Disruption of the legal services industry has the potential for bringing real benefits to low- and moderate-income consumers of legal services. What this Article attempts to do is identify ways that disruption can occur in the provision of legal services to improve access to justice, particularly for low- and moderate-income individuals and families. While many recent entrants into the market for legal services risk running afoul of charges of unauthorized practice of law, those who are providing free services through the internet appear to be acting in compliance with lawyer rules of professional responsibility. This Article will review both the for-profit and non-profit models of technology-enabled legal assistance and assess the extent to which each may comply, or not comply, with unauthorized practice of law requirements. It will then review current efforts of non-profits to deliver technology-enabled services, and describe one initiative in detail that involved the creation of a web-based application to assist homeowners facing foreclosure in New York State.

Given the need in low- and moderate-income communities for affordable legal services, perhaps disruption in this market has its benefits: at a minimum, it offers a way to improve access to justice for communities and individuals underserved by the present—and expensive—modes of delivering legal services in the United States. This article explores those benefits, but also highlights some of the concerns that arise when technology is used to improve access to justice.

New Article: “Gideon is my Co-Pilot: The Promise of Civil Right to Counsel Pilot Programs”

New Article: Clare Pastore, Gideon is my Co-Pilot: The Promise of Civil Right to Counsel Pilot Programs, 17 U.D.C. L. Rev. 75 (2014).

Symposium Issue Published: “50 Years After the “War on Poverty”: Evaluating Past Enactments & Innovative Approaches for Addressing Poverty in the 21st Century”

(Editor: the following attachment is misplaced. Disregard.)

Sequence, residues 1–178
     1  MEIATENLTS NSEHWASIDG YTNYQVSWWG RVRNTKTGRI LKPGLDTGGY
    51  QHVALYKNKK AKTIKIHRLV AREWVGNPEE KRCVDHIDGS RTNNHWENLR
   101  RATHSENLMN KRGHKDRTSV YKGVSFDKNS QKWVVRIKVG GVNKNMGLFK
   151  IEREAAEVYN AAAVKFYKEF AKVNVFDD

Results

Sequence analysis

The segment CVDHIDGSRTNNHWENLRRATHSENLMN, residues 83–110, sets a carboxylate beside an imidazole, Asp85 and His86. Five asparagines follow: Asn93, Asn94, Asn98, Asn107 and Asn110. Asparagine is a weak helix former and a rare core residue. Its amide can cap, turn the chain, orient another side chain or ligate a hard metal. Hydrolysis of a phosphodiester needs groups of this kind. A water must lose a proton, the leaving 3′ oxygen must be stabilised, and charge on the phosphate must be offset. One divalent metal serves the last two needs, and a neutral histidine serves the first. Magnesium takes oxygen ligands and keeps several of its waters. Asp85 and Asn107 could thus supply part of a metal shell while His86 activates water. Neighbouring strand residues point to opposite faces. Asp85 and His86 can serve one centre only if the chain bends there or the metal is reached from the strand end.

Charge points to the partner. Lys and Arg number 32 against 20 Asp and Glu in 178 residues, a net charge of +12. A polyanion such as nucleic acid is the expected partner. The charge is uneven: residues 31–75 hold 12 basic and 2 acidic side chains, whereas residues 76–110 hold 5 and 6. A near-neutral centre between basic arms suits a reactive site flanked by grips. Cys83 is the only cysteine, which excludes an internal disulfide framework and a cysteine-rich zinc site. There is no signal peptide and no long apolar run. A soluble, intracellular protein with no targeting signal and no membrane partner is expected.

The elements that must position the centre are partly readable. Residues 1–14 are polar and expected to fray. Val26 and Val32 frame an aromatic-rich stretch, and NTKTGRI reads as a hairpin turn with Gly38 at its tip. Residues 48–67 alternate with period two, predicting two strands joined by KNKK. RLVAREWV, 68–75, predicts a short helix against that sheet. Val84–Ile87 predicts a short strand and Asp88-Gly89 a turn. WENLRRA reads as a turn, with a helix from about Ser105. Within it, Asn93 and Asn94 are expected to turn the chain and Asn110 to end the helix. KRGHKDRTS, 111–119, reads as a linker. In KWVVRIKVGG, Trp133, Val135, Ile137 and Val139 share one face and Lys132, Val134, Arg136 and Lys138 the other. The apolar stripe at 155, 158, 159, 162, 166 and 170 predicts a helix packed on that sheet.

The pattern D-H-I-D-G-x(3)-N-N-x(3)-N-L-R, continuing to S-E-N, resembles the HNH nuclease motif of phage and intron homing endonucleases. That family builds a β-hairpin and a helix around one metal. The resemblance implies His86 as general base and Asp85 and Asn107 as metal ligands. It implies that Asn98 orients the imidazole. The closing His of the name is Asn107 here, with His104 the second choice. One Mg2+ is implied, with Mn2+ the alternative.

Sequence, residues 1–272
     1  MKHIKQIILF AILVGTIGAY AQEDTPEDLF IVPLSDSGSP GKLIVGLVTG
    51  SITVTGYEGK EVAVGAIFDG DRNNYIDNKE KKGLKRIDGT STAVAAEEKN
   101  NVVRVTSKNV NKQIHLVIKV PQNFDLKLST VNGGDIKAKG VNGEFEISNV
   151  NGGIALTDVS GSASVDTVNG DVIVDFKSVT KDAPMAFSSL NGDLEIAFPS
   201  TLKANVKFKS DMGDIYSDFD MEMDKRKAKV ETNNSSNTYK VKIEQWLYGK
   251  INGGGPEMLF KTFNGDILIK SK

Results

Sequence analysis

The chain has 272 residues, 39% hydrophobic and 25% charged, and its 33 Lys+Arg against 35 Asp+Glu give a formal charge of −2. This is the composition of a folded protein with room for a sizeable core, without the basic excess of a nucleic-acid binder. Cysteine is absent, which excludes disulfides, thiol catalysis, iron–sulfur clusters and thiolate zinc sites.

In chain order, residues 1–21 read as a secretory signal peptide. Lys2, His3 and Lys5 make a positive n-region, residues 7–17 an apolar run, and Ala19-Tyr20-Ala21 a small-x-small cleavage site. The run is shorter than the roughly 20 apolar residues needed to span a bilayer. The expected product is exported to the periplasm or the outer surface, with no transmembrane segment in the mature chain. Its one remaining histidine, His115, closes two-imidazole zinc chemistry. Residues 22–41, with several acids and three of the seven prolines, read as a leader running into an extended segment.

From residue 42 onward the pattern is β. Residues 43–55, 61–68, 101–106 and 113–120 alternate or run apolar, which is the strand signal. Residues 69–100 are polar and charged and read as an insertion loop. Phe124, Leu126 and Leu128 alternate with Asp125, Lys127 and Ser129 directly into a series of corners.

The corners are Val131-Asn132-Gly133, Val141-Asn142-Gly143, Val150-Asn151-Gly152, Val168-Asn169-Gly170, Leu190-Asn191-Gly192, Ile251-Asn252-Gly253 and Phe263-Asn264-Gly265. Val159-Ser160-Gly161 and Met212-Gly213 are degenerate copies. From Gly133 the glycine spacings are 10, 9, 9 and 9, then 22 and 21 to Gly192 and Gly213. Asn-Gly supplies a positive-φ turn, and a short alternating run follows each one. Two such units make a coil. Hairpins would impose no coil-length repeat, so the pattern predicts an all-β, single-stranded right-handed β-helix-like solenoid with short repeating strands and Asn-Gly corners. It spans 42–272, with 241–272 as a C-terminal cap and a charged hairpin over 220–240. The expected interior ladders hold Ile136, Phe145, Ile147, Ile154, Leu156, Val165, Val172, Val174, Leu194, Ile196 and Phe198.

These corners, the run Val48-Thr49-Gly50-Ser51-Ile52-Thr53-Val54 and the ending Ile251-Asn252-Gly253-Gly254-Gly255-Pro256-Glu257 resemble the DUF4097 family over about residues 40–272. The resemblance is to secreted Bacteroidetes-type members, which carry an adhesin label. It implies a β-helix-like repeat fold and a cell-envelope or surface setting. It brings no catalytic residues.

Symposium Issue Published by the Boston College Journal of Law and Social Justice: “50 Years After the “War on Poverty”: Evaluating Past Enactments & Innovative Approaches for Addressing Poverty in the 21st Century”:

Vol. XXXIV No. 2

50 Years After the “War on Poverty”: Evaluating Past Enactments & Innovative Approaches for Addressing Poverty in the 21st Century

Introduction by Emily F. Suski


Deadbeat Dads & Welfare Queens: How Metaphor Shapes Poverty Law

by Ann Cammett

Abstract: Since the 1960s, racialized metaphors describing dysfunctional parents have been deployed by conservative policymakers to shape the way that the public views anti-poverty programs. The merging of race and welfare has eroded support for a robust social safety net, despite growing poverty and economic inequality throughout the land. This Article begins by describing the […]


50 Years After the “War on Poverty”: Evaluating the Justice Gap in the Post-Disaster Context

by Davida Finger

Abstract: The Legal Services Corporation (“LSC”), formed as part of President Lyndon B. Johnson’s War on Poverty, was one of many initiatives aimed at providing low-income individuals with equal access to justice. Today, the increasing number of people living in poverty, coupled with decreased funding for legal services, has resulted in a significant justice gap […]


Left Behind with No “IDEA”: Children with Disabilities Without Means

by Alex J. Hurder

Abstract: This Article examines the changes to the Individuals with Disabilities Education Act (“IDEA”), which were intended to reconcile the Act with the No Child Left Behind Act of 2001, and the effect those changes have had on the education of children with disabilities. The Article highlights the important role that parents were given in […]


Heal the Suffering Children: Fifty Years After the Declaration of War on Poverty

by Francine J. Lipman & Dawn Davis

Abstract: Fifty years ago, President Lyndon B. Johnson declared the War on Poverty. Since then, the federal tax code has been a fundamental tool in providing financial assistance to poor working families. Even today, however, thirty-two million children live in families that cannot support basic living expenses, and sixteen million of those live in extreme […]


From the “War on Poverty” to Pro Bono: Access to Justice Remains Elusive for Too Many, Including Our Veterans

by Patricia E. Roberts

Abstract: Fifty years ago, President Lyndon B. Johnson launched the War on Poverty. The Legal Services Program of 1965, along with the Legal Services Corporation formed in 1974, considerably increased civil legal aid to America’s poor. Yet today, there is only one legal aid attorney for every 6,415 people living in poverty. Veterans, comprising 4.6% […]